Retirement Shock : A Little Hand-Holding Goes A Long Way

We're getting older. Not just as individuals, and not just as a country, but as a world. 

A census report projects that between 2010 and 2050, the US will face a rapid growth in its older population. Over the next four decades, the number of Americans aged 65 and older will be more than double what it is now -- and the United States has a smaller share of older persons than many developed countries. 

Watch our video interview with Paul Krugman on retirement:

The EU estimates that by 2030, the EU will have 18 million less children and young people than today. For every two people of working age, there will be one person 65 years or older to take care of. At the global level, the aging population has risen from 8% in 1950 to 11% in 2011, according to the World Economic Forum -- and the most dramatic increase is still ahead. In 2050, 22% of the world's population will be 60 years or older.  

What's the Big Idea?

Global aging will require significant changes in the way our lives are organized, from urban planning to infrastructure, placing major strains on the already-squeezed social safety nets of most countries as well as the benefits programs of private companies.

It's no secret that an aging population will need increased access to healthcare and public transport services. And yet an even more important social question looms: how will the coming wave of people entering their golden -- inactive -- years be supported financially?

"Private retirement, both business and especially individual, retirement accounts are underfunded," says Paul Krugman, Nobel laureate and Professor of Economics and International Affairs at Princeton. But human nature makes it difficult to solve the financial planning crunch on an individual level.

Evidence from behavioral economics shows that it's difficult for people to think rationally about such a seemingly-distant and emotional issue. Time flies, and seniority come upon us faster than we'd imagined. Which is why it's essential that private companies help their employees make smart decisions about saving, says Krugman.

A word of advice: "You can try to provide more security to your employees for their later years, but I think a large part is just making sure that people are well-informed. The notion that everybody knows what's best for himself is really not true when it comes to making decisions about retirement."

Of course, education begins with transparency. Being upfront, clear, and communicative about employees' choices (as well as the likely outcomes based on those choices) costs no money, but it does much to prevent possible crises down the line.

Tell employees exactly what they need to do in order to have enough to live on during their retirement years -- and tell them sooner rather than later. The time to start thinking about these issues is during one's 30's. People should be putting the most money away during their prime earning years.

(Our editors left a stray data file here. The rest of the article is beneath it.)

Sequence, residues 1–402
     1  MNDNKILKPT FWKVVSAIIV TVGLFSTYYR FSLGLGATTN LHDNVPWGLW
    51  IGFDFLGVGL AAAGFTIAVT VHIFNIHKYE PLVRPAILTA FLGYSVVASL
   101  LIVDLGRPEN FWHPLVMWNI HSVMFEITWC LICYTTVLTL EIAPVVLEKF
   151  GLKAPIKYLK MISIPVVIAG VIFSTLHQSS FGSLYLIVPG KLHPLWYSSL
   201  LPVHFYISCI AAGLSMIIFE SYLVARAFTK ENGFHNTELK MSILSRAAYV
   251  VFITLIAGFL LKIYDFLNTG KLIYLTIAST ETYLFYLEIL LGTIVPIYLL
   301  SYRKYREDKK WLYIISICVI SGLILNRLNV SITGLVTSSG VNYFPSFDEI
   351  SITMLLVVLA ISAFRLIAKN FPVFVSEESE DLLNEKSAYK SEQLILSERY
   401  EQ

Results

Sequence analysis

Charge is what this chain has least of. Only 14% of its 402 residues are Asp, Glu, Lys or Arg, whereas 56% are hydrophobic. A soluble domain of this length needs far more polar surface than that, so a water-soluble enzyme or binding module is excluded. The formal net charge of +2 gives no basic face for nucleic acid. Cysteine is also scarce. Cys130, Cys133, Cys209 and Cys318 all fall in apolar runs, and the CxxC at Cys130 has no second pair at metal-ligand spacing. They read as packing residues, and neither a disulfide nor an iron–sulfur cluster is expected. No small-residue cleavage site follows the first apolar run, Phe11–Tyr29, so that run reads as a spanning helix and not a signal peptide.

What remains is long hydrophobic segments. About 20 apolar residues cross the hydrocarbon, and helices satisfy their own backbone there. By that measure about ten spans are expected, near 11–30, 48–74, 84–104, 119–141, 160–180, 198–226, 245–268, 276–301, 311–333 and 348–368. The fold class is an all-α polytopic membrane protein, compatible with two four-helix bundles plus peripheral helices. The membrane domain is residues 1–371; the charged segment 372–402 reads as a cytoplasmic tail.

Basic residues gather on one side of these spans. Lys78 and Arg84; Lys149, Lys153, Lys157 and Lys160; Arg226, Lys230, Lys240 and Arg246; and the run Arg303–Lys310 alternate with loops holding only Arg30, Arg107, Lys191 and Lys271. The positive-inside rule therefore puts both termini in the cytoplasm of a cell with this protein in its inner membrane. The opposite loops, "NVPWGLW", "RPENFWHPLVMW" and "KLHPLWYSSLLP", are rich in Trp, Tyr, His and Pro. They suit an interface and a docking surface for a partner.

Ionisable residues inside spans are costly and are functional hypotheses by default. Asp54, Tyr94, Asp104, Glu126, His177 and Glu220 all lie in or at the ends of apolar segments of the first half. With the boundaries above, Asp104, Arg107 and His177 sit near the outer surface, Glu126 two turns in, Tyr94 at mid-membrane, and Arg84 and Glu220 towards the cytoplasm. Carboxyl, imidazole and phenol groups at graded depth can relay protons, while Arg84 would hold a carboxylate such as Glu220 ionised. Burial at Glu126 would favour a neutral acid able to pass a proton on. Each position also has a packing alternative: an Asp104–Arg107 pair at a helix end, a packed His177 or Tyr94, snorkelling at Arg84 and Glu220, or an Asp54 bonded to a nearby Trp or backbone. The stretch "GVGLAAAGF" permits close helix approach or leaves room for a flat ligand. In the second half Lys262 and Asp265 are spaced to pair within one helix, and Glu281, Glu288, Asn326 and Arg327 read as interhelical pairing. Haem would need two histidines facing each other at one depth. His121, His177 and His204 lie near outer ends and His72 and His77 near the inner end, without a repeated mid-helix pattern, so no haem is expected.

What's the Significance?

"Put it this way: we used to, as a nation, have private savings rates," says Krugman. "Households put nine or ten percent of their income into savings. In recent years, that has been as low as basically zero. The old ways were right" -- and the increase of individual lifespans due to technological advancements means we should be saving more, not less than ever before. 

The urgency of the situation is heightened by the overall global trend towards aging. The World Economic Forum made "aging" the theme of World Health Day 2012, asking "promise or peril?" It will certainly be a challenge, but as more and more workers retire around the world, employers can play a key role in both helping to avert disaster and ensuring that we're prepared as a society to face the future.

Forward-thinking leaders take note: involvement in employee retirement planning is among the most important advice your company can offer. 

About “Inside Employers’ Minds”

“Inside Employers’ Minds: Confronting Critical Workforce Challenges” features a dedicated website ( which contains a number of resources focused on addressing each key issue.

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New fossils suggest human ancestors evolved in Europe, not Africa

Experts argue the jaws of an ancient European ape reveal a key human ancestor.

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  • The jaw bones of an 8-million-year-old ape were discovered at Nikiti, Greece, in the '90s.
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Homo sapiens have been on earth for 200,000 years — give or take a few ten-thousand-year stretches. Much of that time is shrouded in the fog of prehistory. What we do know has been pieced together by deciphering the fossil record through the principles of evolutionary theory. Yet new discoveries contain the potential to refashion that knowledge and lead scientists to new, previously unconsidered conclusions.